81 citations

Journal ArticleDOI
TL;DR: In this article, the authors experimentally measure transport of superfluid, bosonic atoms in a mesoscopic system: a small channel connecting two large reservoirs, and observe first resistive flow transitioning at a critical current into superflow, characterized by oscillations.
Abstract: We experimentally measure transport of superfluid, bosonic atoms in a mesoscopic system: a small channel connecting two large reservoirs. Starting far from equilibrium (superfluid in a single reservoir), we observe first resistive flow transitioning at a critical current into superflow, characterized by oscillations. We reproduce this full evolution with a simple electronic circuit model. We compare our fitted conductance to two different microscopic phenomenological models. We also show that the oscillations are consistent with LC oscillations as estimated by the kinetic inductance and effective capacitance in our system. Our experiment provides an attractive platform to begin to probe the mesoscopic transport properties of a dilute, superfluid, Bose gas.

66 citations


Cited by
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Journal ArticleDOI
TL;DR: In this article, the time dependence of ρ11, ρ22 and ρ12 under steady-state conditions was analyzed under a light field interaction V = -μ12Ee iωt + c.c.
Abstract: (b) Write out the equations for the time dependence of ρ11, ρ22, ρ12 and ρ21 assuming that a light field interaction V = -μ12Ee iωt + c.c. couples only levels |1> and |2>, and that the excited levels exhibit spontaneous decay. (8 marks) (c) Under steady-state conditions, find the ratio of populations in states |2> and |3>. (3 marks) (d) Find the slowly varying amplitude ̃ ρ 12 of the polarization ρ12 = ̃ ρ 12e iωt . (6 marks) (e) In the limiting case that no decay is possible from intermediate level |3>, what is the ground state population ρ11(∞)? (2 marks) 2. (15 marks total) In a 2-level atom system subjected to a strong field, dressed states are created in the form |D1(n)> = sin θ |1,n> + cos θ |2,n-1> |D2(n)> = cos θ |1,n> sin θ |2,n-1>

1,872 citations

Journal ArticleDOI
TL;DR: In this paper, a review of recent theoretical and experimental advances in the fundamental understanding and active control of quantum fluids of light in nonlinear optical systems is presented, from the superfluid flow around a defect at low speeds to the appearance of a Mach-Cherenkov cone in a supersonic flow, to the hydrodynamic formation of topological excitations such as quantized vortices and dark solitons at the surface of large impenetrable obstacles.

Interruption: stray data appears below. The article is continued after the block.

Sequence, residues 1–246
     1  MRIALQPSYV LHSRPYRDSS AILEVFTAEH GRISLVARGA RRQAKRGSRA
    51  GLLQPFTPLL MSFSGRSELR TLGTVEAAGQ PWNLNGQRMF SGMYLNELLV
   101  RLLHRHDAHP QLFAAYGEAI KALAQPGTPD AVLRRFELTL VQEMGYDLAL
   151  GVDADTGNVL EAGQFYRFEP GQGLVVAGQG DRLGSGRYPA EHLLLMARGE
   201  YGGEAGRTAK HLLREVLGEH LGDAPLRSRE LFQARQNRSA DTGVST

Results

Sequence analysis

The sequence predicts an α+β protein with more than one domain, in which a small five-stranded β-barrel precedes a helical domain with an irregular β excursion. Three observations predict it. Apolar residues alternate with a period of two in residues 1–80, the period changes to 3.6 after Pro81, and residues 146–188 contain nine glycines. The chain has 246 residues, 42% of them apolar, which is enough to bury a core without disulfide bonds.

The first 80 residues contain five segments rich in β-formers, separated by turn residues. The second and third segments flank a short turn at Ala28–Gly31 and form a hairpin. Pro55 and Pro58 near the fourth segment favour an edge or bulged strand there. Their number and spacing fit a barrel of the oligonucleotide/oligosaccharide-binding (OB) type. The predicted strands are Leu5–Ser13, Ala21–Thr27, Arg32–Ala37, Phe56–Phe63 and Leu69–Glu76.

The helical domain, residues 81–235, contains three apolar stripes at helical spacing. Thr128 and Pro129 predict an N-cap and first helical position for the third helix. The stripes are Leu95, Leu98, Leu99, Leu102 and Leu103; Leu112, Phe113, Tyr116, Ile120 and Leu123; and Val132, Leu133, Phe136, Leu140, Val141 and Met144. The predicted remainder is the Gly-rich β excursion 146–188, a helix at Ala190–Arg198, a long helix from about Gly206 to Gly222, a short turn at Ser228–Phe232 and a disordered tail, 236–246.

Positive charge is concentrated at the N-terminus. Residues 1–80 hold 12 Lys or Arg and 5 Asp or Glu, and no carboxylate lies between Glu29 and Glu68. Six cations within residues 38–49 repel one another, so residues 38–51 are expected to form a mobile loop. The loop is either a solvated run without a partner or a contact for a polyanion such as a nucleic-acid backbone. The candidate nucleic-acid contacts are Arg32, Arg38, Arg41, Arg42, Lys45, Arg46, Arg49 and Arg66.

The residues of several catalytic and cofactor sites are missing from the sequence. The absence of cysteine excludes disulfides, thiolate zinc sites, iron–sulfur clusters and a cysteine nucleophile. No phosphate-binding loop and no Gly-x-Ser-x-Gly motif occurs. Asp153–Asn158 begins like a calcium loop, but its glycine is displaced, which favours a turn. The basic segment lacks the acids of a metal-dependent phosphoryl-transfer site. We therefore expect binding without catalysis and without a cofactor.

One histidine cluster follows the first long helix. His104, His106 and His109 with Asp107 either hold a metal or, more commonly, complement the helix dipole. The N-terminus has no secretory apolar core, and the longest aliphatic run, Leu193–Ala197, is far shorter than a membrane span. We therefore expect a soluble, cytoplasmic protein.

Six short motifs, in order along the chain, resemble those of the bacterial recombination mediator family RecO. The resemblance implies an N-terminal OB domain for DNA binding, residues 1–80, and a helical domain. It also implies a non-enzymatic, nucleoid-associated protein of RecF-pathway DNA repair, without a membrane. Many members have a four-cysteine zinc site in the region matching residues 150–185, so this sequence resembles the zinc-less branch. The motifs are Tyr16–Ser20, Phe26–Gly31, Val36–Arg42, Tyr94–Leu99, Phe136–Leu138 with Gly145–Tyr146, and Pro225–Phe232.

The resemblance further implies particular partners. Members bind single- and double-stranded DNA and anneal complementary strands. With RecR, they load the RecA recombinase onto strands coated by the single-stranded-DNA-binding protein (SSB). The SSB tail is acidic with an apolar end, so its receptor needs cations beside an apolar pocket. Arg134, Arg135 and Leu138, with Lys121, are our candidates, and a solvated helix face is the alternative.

Abstract: This article reviews recent theoretical and experimental advances in the fundamental understanding and active control of quantum fluids of light in nonlinear optical systems. In the presence of effective photon-photon interactions induced by the optical nonlinearity of the medium, a many-photon system can behave collectively as a quantum fluid with a number of novel features stemming from its intrinsically nonequilibrium nature. A rich variety of recently observed photon hydrodynamical effects is presented, from the superfluid flow around a defect at low speeds, to the appearance of a Mach-Cherenkov cone in a supersonic flow, to the hydrodynamic formation of topological excitations such as quantized vortices and dark solitons at the surface of large impenetrable obstacles. While the review is mostly focused on a specific class of semiconductor systems that have been extensively studied in recent years (planar semiconductor microcavities in the strong light-matter coupling regime having cavity polaritons as elementary excitations), the very concept of quantum fluids of light applies to a broad spectrum of systems, ranging from bulk nonlinear crystals, to atomic clouds embedded in optical fibers and cavities, to photonic crystal cavities, to superconducting quantum circuits based on Josephson junctions. The conclusive part of the article is devoted to a review of the future perspectives in the direction of strongly correlated photon gases and of artificial gauge fields for photons. In particular, several mechanisms to obtain efficient photon blockade are presented, together with their application to the generation of novel quantum phases.